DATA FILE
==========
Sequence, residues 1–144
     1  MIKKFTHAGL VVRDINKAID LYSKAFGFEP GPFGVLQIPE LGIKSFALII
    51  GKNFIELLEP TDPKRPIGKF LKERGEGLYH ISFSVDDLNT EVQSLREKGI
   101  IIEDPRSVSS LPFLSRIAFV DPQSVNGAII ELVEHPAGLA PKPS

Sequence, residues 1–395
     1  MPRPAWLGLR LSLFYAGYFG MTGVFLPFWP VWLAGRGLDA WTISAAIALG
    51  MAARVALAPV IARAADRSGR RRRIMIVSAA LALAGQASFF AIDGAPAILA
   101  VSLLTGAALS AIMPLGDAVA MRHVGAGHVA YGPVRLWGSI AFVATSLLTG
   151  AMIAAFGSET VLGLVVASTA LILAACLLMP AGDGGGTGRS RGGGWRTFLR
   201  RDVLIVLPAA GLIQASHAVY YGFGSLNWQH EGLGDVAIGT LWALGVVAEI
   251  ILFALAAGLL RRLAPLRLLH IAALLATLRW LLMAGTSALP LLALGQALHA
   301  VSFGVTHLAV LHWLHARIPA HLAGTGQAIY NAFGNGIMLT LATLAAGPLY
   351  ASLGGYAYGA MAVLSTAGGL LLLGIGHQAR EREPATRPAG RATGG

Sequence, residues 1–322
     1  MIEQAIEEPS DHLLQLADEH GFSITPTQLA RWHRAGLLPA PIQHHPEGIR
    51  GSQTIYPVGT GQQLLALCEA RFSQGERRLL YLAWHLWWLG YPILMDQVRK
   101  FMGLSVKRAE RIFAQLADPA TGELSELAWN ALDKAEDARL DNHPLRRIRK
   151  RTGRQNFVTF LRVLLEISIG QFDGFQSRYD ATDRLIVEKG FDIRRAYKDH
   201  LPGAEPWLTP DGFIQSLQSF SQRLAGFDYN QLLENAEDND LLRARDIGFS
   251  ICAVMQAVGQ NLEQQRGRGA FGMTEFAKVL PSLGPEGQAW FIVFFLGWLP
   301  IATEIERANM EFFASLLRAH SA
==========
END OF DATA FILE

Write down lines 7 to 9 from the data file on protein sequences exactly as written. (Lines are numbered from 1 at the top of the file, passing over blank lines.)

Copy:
    51  MAARVALAPV IARAADRSGR RRRIMIVSAA LALAGQASFF AIDGAPAILA
   101  VSLLTGAALS AIMPLGDAVA MRHVGAGHVA YGPVRLWGSI AFVATSLLTG
   151  AMIAAFGSET VLGLVVASTA LILAACLLMP AGDGGGTGRS RGGGWRTFLR